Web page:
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Study Resources :: Dictionaries :: Roman Empire and Christianity, 3

Dictionaries :: Roman Empire and Christianity, 3

Below are articles from the following dictionary:
International Standard Bible Encyclopaedia

Roman Empire and Christianity, 3:

V. Victory of Christianity and Conversion of the Roman Empire.

Christianity was now acknowledged as the religion of both East and West. It had also grown strong enough to convert the barbarians who overran the West. It restrained and educated them under the lead of the papacy, so that its conquests now extended beyond the Roman empire.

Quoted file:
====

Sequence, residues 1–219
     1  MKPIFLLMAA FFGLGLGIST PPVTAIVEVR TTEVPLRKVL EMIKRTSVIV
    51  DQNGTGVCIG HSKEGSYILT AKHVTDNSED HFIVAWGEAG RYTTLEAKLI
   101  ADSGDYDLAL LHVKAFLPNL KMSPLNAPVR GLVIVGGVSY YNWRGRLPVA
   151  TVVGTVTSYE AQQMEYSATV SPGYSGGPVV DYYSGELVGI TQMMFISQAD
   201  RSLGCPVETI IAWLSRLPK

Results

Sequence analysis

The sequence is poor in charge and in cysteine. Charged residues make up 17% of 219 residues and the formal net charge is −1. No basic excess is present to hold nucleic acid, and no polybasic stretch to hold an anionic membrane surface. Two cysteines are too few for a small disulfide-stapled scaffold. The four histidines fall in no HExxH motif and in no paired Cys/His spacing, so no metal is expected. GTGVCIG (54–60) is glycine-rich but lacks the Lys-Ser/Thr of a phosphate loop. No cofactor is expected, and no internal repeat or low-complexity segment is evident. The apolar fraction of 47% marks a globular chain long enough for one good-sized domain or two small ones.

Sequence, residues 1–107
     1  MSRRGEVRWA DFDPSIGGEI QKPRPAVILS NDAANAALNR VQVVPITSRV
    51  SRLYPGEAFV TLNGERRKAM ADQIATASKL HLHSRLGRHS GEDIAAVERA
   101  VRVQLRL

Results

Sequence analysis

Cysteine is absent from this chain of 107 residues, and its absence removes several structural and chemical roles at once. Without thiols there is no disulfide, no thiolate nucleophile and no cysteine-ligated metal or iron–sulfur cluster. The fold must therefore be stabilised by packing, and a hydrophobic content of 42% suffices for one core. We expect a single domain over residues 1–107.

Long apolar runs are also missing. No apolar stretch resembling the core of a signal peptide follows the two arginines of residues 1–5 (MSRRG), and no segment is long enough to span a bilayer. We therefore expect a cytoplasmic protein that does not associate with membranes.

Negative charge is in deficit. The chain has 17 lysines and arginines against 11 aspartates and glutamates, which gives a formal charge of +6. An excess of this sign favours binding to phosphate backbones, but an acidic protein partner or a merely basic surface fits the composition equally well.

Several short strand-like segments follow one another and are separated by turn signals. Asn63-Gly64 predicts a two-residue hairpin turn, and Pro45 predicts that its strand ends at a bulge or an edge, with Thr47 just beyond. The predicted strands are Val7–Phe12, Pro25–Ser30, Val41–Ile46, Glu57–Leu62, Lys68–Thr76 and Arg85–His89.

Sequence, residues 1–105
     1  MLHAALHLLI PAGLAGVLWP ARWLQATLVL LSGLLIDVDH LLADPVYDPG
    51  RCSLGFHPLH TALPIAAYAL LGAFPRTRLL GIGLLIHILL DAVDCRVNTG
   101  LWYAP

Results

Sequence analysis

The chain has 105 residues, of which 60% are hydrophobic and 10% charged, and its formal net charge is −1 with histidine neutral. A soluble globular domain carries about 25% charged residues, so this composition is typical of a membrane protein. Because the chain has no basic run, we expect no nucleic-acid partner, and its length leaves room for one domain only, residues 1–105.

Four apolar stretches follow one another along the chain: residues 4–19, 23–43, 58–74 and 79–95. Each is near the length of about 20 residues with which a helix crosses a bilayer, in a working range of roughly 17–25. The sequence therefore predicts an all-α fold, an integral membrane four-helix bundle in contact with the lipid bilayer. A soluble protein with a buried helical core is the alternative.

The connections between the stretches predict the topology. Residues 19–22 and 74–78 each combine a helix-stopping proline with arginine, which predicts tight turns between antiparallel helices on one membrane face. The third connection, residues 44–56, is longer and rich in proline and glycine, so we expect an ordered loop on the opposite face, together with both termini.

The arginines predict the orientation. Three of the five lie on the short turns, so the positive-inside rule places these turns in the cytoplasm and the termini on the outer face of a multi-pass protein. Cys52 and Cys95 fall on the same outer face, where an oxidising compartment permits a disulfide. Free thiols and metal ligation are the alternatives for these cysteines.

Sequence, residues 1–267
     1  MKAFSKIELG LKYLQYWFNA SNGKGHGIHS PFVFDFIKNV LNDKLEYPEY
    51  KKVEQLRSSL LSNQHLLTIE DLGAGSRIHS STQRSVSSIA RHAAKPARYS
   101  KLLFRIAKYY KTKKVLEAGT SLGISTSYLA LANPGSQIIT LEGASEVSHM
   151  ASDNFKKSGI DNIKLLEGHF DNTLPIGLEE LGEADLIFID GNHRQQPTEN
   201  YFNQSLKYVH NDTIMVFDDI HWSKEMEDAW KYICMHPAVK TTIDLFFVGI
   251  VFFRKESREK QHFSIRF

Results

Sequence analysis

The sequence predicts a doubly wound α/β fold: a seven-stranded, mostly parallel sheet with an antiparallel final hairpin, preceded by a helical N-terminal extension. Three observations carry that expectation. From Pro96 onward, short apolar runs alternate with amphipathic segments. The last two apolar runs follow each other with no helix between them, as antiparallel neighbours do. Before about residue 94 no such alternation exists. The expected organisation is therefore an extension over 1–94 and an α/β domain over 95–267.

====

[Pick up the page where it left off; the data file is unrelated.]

Merivale (preface to Conversion of Roman Empire) attributes the conversion of the Roman empire to four causes: (1) the external evidence of apparent fulfillment of prophecy and the evidence of miracles, (2) internal evidence as satisfying the spiritual wants of the empire and offering a Redeemer, (3) the example of the pure lives and heroic deaths of the early Christians, and (4) the success which attended the Christian cause under Constantine. Gibbon (chapter xv of Decline and Fall) seeks to account for the phenomenal success of Christianity in the empire by (1) the zeal and enthusiasm of the early Christians, (2) the belief of Christianity in immortality with both future rewards and future retributions, (3) miracles, (4) the high ethical code and pure morals of professing Christians, and (5) strong ecclesiastical organization on imperial patterns. But neither of these lists of causes seems to account satisfactorily for the progress and success of the religion of Jesus.